This is thematically consistent with the purpose of last summer’s summit between their two leaders. That event has yet to result in the significant de-escalation of international tensions but the reported progress made on the cyber security front raises hope that this too will follow with time. This is because there are grander strategic motivations influencing this process in that direction, namely those related to the ongoing New Cold War between the American and Chinese superpowers.

I conducted a detailed scenario forecast for the Russian International Affairs Council (RIAC) in June about the most likely trajectory of International Relations should the Russian-US rivalry be responsibly regulated at some future time like both of their leaders arguably intend to do. My general thesis was indirectly seconded by one of Russia’s top experts, Fyodor Lukyanov, in his recent RT analysis titled “Biden’s bid to woo Moscow shows US is tired of conflict with Russia over Ukraine, and is more worried about war with China instead”.

There’s more evidence pointing in this direction than just that. The US’ decision to waive most Nord Stream II sanctions earlier this year suggested that “Poland & Ukraine, Not Afghanistan, Were The First US Allies To Be Abandoned By Biden” in pursuit of this “New Detente” (or at the very least “non-aggression pact”) with Russia. Then there was Under Secretary of State Victoria Nuland’s trip to Moscow this week for talks which was only made possible by each side lifting restrictions on the other’s diplomats.

President Putin’s Deputy Chief of Staff Dmitry Kozak, who’s also Russia’s chief negotiator on Ukraine, announced after the meeting that the US agreed that Ukraine should respect the Minsk Accords by granting Donbass autonomy. This is a significant shift in the US’ position since it had previously encouraged its Eastern European proxy to unilaterally defy key provisions of that agreement. President Putin then said that both countries have “constructive” relations and that he himself has “working, stable relations” with Biden.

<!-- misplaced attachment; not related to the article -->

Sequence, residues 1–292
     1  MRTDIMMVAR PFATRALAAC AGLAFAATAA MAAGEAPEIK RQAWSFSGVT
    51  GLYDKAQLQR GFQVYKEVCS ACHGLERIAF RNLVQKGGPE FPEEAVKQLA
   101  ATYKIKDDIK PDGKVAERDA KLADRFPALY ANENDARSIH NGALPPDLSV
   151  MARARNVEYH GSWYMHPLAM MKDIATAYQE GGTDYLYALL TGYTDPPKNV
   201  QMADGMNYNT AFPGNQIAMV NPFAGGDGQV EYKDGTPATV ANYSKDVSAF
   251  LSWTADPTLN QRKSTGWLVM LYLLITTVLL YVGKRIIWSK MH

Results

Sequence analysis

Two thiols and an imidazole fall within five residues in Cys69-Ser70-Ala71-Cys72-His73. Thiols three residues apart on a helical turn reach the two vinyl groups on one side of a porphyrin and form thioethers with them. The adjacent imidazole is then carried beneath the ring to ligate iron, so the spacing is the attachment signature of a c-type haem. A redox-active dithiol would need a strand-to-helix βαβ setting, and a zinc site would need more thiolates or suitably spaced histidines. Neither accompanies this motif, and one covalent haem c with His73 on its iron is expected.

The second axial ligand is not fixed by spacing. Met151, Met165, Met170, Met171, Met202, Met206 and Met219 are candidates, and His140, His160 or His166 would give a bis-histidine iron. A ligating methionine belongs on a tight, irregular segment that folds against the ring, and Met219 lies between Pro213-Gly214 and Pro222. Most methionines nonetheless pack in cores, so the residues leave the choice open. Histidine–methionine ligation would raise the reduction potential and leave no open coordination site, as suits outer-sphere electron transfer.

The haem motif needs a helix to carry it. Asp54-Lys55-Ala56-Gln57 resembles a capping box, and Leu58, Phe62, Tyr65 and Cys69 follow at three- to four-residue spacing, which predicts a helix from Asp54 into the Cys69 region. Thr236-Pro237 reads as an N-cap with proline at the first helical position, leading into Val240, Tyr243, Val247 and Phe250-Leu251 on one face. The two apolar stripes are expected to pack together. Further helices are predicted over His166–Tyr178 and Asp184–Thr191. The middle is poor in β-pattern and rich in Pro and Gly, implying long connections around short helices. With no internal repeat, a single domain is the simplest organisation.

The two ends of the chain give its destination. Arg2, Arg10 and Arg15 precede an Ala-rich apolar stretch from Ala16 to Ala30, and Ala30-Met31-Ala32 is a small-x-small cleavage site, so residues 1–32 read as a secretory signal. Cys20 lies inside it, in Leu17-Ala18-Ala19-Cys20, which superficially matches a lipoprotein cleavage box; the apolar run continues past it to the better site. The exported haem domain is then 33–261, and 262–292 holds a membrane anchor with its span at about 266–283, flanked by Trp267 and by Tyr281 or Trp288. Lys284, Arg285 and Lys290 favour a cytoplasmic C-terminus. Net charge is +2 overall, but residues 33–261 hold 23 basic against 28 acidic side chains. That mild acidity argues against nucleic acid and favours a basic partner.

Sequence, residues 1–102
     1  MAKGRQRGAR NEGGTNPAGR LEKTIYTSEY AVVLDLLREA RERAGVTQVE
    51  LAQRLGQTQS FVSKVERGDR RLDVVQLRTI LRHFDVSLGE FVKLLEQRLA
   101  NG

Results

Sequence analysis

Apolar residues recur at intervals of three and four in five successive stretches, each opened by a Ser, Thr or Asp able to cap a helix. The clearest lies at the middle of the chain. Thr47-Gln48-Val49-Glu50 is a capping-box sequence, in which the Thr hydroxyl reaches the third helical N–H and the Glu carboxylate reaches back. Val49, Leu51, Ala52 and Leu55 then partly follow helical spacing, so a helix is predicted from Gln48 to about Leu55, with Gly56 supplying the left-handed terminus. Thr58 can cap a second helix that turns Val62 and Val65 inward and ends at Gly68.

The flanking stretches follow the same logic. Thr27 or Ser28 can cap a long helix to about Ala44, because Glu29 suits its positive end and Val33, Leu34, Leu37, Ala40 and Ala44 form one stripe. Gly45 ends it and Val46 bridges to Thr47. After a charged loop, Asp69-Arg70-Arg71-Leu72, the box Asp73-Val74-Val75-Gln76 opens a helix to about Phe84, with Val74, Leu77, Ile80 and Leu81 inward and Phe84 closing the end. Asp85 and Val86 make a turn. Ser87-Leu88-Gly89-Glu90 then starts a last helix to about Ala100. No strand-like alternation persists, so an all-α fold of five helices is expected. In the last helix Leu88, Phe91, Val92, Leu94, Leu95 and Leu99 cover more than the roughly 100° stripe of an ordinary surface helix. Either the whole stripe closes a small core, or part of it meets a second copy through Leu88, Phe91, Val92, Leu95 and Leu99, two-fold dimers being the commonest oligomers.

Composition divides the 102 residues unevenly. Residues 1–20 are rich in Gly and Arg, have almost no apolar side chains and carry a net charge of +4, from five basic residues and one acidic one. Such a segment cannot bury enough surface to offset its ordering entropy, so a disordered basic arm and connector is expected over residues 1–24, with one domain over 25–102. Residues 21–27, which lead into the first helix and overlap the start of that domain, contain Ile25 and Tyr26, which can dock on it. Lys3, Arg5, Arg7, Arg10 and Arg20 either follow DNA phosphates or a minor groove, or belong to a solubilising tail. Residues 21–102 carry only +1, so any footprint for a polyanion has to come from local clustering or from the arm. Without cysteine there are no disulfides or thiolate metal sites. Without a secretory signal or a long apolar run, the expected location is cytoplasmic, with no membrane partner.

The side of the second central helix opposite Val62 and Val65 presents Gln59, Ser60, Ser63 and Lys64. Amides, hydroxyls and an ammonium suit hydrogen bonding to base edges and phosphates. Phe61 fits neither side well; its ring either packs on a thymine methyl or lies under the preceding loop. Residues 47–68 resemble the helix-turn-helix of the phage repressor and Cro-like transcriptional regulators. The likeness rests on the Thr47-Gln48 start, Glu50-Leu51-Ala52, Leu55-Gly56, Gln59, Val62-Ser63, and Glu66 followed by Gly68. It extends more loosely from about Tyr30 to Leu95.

Furthermore, this high-level diplomatic meeting in Moscow was preceded by Buzzfeed reporting that the FBI and Department of Justice (DOJ) are unprecedentedly investigating an American fascist for war crimes that he allegedly committed against noncombatants in Eastern Ukraine. The cumulative effect of these three developments is that the US is seemingly willing to reach a compromise with Russia on the highly sensitive issue of Ukraine in pursuit of its “New Detente”/”non-aggression pact” so as to focus more on China.

It’s against this grand strategic context that their earlier analyzed low-key cyber security cooperation takes on a greater significance. It enabled both rival Great Powers to establish an element of much-needed trust in dealing with an issue of mutual importance that in turn led to them making piecemeal progress on other topics such as Ukraine. It’s for these reasons that those who express skepticism about the progress that Russia and the US made in responsibly regulating their rivalry since Geneva aren’t reflecting an accurate assessment of their ties.

Source: One World